In the absence of official national data, independent analyses have tried to quantify this year’s shift away from kindergarten. According to reporting by NPR, kindergarten enrollment in districts across the country dropped by an average of 16 percent. Another analysis shows that this drop accounts for nearly a third of the total reduction in public school enrollment across 33 states. The decline might be greater among white families, which presumably have more resources for alternatives. In Oregon, for example, many more white families kept their children out of kindergarten than Black or Latino families there, according to reporting by The Oregonian, the state’s largest newspaper.
School districts and early childhood experts that are tracking the opting out of kindergarten report that some 5-year-olds are attending impromptu kindergarten classes offered by private preschools, while others are enrolled in online charter or for-profit schools. Some well-to-do families hire tutors – sometimes paying a teacher’s salary – to work alongside a child who is attending remote kindergarten. Other families are skipping the school year entirely.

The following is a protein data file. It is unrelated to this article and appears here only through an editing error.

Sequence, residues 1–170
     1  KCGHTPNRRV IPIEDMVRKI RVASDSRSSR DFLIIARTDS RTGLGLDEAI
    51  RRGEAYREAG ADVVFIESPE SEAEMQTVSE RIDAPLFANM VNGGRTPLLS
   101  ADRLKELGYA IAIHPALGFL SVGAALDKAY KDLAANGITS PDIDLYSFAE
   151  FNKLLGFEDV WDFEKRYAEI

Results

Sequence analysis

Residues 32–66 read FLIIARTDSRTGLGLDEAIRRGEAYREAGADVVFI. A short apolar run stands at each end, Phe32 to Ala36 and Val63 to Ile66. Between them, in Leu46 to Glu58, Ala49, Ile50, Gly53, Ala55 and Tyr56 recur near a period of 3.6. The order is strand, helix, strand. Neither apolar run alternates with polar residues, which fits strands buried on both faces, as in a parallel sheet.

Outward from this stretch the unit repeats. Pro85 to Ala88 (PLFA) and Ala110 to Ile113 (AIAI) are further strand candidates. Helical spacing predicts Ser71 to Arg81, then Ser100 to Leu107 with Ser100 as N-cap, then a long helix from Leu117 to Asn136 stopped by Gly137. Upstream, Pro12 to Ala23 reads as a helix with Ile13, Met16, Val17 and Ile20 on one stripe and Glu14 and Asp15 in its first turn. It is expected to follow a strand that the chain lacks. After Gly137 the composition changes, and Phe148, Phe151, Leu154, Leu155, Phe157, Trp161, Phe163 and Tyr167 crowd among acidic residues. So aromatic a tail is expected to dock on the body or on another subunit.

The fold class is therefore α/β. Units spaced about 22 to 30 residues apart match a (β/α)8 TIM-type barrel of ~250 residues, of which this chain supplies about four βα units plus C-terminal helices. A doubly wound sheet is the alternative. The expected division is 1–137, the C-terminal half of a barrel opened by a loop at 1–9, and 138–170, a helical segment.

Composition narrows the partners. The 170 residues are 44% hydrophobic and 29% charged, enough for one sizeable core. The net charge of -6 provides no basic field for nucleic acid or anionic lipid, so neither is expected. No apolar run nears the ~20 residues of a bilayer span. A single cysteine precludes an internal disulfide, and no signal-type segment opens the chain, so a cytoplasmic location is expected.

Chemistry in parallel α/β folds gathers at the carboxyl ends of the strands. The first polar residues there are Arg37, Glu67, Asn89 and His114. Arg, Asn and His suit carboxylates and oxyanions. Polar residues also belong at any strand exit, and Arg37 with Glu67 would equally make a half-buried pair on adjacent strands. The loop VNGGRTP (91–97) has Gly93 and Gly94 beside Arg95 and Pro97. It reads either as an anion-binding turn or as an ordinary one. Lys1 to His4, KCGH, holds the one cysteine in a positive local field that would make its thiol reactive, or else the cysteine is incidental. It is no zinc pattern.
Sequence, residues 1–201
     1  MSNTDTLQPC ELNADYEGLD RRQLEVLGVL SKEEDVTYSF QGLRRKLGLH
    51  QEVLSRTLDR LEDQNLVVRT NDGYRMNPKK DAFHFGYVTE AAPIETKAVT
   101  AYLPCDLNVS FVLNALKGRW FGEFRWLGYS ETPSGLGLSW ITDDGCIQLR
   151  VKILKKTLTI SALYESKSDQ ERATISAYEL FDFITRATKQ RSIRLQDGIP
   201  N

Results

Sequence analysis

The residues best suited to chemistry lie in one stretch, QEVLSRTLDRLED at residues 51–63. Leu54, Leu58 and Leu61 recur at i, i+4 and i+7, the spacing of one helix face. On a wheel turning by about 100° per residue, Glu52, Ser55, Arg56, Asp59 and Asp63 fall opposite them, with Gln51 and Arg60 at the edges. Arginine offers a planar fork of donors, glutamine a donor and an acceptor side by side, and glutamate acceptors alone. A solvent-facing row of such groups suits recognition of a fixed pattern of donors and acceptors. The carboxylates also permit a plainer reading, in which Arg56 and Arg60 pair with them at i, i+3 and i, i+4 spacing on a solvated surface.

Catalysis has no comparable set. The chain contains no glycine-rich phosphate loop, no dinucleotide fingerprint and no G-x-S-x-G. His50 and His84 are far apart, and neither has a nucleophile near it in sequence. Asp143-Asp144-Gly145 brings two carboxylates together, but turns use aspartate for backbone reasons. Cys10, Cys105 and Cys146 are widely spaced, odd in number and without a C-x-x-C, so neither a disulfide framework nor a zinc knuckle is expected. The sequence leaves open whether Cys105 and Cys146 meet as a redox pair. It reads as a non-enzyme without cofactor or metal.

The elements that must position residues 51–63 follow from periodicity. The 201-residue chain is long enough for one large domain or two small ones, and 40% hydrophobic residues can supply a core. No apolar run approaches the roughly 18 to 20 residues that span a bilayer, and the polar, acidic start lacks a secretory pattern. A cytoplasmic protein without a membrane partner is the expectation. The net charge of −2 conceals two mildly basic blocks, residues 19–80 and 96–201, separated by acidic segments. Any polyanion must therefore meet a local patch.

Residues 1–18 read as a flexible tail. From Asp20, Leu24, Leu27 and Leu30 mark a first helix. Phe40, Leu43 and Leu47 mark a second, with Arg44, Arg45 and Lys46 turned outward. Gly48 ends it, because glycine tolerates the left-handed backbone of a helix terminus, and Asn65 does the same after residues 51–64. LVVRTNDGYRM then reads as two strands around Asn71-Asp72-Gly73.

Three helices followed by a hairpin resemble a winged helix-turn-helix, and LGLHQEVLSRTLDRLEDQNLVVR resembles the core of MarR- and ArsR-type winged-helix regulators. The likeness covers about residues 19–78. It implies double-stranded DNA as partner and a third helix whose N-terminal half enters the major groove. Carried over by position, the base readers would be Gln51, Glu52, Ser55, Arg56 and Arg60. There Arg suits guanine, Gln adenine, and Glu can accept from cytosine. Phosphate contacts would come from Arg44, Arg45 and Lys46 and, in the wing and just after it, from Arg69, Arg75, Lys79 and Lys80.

The haphazard array of alternatives has early education leaders worried. While any kindergarten class reflects a variety of school readiness, kindergarten and first grade teachers will likely encounter a wider preparedness gap this fall. More children may be off track, not just academically but also emotionally and even physically, exacerbating inequities along class and racial lines.
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